September 13, 2010
|Dear fellow New Yorker,
We are in the midst of a volatile time in the history of our state.Tuesday is Primary Day here, and the only way to truly effect change is by withholding our votes from anyone that has not committed to reforming our government.
Lucretia forwarded you this email because she is part of our coalition voting for Reform, and I hope you will join us.
Before you head to the polls tomorrow, visit the New York Uprising website, which will inform you which candidates have committed to supporting reform by signing our good government pledges (the Heroes of Reform) and which have refused (the Enemies). Once you enter your voting address, you can even download a sample ballot to bring with you to the polls.
Limit your support to ONLY those candidates who have signed the pledges – the Heroes. Even if you think the opponent is a long shot, you’ll be sending a critical message.
Fellow New Yorker, in a year like this, it’s tough to believe that Albany can ever change, no matter how you vote. And indeed the battle won’t be over after primary day, or election day, even. But this year presents us with a unique path to victory — which is why over 320 candidates have signed on, plus the ten Trustees representing decades of government leadership. And multiple editorial boards and good government groups around the state have made our pledges the starting point in their endorsement process (including the Daily News, whose terrific editorial from yesterday is included below).
But right now – tomorrow – is where you come in: Cast your vote for Reform and join me, along with Lucretia Regina-Potter, Mario Cuomo, Rudy Giuliani, every candidate running for Governor, Attorney General, Comptroller and over half the sitting Legislature. You’ll be in good company.
Editorial: Start the revolution: Time to vote out incumbents who won’t sign on for reforming Albany
Sunday, September 12th 2010
State Senate Democratic chief John Sampson’s last-minute leap onto Ed Koch’s reform bandwagon is a sure sign that New York’s political class is feeling the heat of throw-the-bums-out fever.
All of a sudden last week, Sampson endorsed the former mayor’s solid three-point plan for cleaning up Albany. Welcome to the right side of history, senator. Know that you will be held to your word.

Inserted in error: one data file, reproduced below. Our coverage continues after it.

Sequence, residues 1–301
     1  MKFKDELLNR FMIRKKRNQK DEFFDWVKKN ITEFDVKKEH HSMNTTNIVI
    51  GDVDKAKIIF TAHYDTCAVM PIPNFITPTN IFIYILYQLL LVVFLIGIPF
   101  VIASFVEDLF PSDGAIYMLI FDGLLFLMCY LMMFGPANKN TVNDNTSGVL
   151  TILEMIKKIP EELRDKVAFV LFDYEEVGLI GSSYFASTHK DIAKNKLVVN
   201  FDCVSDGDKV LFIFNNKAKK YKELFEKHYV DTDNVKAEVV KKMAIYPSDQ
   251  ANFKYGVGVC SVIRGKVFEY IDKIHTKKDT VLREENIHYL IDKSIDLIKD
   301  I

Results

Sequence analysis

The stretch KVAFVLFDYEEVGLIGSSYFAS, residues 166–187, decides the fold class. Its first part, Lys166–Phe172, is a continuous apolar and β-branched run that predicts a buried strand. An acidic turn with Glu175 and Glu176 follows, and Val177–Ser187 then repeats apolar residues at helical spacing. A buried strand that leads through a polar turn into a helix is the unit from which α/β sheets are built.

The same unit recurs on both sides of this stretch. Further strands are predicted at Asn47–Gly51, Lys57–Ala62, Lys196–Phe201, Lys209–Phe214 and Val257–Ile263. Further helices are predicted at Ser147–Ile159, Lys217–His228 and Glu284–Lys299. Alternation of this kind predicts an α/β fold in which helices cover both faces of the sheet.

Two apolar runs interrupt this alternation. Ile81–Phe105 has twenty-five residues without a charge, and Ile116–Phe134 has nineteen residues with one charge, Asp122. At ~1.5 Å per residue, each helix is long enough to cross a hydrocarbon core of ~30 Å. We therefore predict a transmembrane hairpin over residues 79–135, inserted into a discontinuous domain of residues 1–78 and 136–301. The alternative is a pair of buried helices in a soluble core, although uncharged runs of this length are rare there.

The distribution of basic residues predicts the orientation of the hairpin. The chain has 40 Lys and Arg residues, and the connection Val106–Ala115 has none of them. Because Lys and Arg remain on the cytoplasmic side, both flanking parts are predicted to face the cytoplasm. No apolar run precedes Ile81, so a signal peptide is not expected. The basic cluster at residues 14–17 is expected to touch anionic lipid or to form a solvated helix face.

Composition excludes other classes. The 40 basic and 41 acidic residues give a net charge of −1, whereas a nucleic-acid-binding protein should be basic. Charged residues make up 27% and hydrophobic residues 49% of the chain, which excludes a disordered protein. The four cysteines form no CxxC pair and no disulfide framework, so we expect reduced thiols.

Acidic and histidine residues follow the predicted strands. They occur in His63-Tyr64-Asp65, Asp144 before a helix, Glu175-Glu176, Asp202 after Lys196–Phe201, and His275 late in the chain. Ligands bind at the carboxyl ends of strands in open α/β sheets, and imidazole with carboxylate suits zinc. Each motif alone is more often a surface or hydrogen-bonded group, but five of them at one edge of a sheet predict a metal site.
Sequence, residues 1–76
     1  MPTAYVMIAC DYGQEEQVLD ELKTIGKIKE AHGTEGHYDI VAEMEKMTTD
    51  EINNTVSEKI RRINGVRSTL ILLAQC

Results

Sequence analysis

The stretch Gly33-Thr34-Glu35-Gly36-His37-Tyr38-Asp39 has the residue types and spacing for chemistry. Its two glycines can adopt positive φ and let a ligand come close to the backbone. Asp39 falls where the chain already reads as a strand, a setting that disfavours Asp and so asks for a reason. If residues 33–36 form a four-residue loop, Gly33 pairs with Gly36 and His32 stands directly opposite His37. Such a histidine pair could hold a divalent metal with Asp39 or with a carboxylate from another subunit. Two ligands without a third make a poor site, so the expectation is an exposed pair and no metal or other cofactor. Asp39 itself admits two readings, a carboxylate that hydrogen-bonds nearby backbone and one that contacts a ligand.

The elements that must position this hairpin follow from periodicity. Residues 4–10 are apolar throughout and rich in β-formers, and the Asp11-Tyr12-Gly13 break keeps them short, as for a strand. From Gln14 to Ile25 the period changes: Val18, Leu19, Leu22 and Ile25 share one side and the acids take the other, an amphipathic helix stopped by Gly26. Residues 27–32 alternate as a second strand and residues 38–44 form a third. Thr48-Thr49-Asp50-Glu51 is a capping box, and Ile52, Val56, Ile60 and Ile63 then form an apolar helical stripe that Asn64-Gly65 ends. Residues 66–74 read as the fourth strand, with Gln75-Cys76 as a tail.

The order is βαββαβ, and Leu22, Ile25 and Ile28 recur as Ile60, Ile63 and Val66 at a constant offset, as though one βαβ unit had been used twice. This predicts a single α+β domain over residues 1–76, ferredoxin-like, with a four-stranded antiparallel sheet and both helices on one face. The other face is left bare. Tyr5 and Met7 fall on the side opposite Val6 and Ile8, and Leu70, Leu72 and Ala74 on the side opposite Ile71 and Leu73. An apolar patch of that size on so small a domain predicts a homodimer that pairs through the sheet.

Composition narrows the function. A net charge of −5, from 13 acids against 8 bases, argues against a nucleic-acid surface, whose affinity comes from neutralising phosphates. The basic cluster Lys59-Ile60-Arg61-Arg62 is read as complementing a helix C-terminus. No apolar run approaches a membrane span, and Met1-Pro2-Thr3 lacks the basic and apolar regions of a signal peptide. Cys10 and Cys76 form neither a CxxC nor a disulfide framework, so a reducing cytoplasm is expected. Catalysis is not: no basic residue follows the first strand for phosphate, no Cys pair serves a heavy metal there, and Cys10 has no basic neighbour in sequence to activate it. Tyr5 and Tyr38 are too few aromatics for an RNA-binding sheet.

Sampson’s turnaround came on the eve of elections in which lawmakers will face voters clamoring for a housecleaning at the Capitol.
New Yorkers can wield the broom in Tuesday’s primaries. While too many incumbents are going unchallenged, the Democratic nomination is up for grabs for 30 of New York City’s legislative seats – 21 in the Assembly and nine in the Senate.
Which is why Sampson scrambled to answer the growing outcry for fundamental change. And his wasn’t the only breakthrough.
Senate GOP Leader Dean Skelos voluntarily disclosed details of his investment holdings, including the ballpark values of stocks in companies that do business with state government.
Democratic gubernatorial candidate Andrew Cuomo refused the backing of the Working Families Party – a front for public employee unions and other special interests – unless it embraces taxpayer-friendly policies it has fought in the past.
And Democratic attorney general contender Eric Schneiderman declared himself a supporter of Cuomo’s agenda for smarter, more accountable government – even though the plan features steps, such as capping property levies and freezing state taxes, that Schneiderman has opposed.
Spotting the anti-incumbent groundswell early, Koch and his bipartisan group, New York Uprising, found a way to harness it as a force for postive change.
First they challenged every candidate for state office to pledge support in writing for bringing tougher ethics enforcement to the Legislature, imposing honest accounting rules on the state budget and, most importantly, ending the partisan gerrymandering of legislative districts that shields lawmakers from accountability.
Those who signed on the dotted line are Heroes of Reform. Those who failed are outed as Enemies of Reform.
In effect, Koch has smoked out the bums who are most in need of booting and tagged them for easy identification by the voting public.
Just as importantly, he has compelled scores of other candidates to put their pre-election reform promises in writing – in numbers large enough, if they keep their word, to constitute clear majorities in both the Assembly and Senate next year.
The stumbling block is Assembly Speaker Sheldon Silver. Insulated by his safe seat and lopsided Democratic majority, Silver has shrugged off calls for a better, cleaner Albany that echo across the state – leading Koch to dub him “the biggest Enemy of Reform in the State of New York.”
Sadly, Silver faces no primary challenge. But voters must still send him and other Enemies a message on Tuesday.
Go to nyuprising.com. Look up your local legislators. Find out who the worst bums are. And throw every one of them out.
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